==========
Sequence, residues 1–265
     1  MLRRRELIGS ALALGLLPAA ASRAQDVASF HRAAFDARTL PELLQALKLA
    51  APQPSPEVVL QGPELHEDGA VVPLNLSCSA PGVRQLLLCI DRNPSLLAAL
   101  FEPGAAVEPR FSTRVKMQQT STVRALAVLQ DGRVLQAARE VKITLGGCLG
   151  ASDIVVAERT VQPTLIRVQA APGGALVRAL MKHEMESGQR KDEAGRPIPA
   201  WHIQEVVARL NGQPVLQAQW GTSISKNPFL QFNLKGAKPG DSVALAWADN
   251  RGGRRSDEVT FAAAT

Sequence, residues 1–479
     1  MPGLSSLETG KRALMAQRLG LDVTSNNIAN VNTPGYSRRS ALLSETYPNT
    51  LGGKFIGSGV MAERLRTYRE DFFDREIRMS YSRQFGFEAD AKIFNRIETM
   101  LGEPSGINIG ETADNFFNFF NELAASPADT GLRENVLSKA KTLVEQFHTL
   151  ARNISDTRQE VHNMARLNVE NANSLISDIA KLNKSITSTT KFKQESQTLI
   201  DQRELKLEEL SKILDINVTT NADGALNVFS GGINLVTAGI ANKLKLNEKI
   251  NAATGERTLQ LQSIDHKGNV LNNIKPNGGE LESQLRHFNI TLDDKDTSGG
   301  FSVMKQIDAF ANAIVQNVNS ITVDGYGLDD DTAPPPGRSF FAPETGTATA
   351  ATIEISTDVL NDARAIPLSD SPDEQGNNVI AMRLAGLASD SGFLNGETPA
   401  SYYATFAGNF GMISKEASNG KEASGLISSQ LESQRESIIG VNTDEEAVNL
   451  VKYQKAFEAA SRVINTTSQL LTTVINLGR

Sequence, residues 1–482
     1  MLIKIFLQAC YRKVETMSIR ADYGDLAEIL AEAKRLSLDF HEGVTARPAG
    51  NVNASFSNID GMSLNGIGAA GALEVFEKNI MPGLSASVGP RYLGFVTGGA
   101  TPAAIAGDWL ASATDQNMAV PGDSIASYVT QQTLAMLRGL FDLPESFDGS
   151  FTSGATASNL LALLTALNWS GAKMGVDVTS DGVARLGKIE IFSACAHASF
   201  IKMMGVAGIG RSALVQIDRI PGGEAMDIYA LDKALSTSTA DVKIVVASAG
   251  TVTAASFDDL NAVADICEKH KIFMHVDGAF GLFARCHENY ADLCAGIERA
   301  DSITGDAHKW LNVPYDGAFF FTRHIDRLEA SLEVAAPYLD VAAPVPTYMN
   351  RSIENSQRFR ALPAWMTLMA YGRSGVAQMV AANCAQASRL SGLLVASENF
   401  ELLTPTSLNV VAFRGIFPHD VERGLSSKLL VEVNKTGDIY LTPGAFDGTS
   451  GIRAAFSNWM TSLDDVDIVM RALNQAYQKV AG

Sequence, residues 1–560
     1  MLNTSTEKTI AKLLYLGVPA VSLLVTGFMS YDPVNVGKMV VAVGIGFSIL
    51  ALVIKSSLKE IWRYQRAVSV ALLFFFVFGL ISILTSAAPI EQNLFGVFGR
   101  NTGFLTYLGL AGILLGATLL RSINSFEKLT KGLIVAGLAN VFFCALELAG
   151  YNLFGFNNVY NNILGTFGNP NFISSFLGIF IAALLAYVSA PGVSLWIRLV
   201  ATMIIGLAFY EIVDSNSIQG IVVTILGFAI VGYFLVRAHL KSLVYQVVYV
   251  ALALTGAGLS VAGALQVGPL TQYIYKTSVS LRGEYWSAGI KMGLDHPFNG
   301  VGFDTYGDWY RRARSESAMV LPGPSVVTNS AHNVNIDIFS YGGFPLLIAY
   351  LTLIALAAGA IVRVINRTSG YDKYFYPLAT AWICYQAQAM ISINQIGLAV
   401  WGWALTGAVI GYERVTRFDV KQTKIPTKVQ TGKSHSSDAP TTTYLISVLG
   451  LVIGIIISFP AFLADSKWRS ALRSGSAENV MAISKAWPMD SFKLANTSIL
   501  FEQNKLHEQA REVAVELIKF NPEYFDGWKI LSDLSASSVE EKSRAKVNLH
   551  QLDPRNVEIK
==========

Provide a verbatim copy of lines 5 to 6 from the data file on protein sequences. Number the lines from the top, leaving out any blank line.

   151  ASDIVVAERT VQPTLIRVQA APGGALVRAL MKHEMESGQR KDEAGRPIPA
   201  WHIQEVVARL NGQPVLQAQW GTSISKNPFL QFNLKGAKPG DSVALAWADN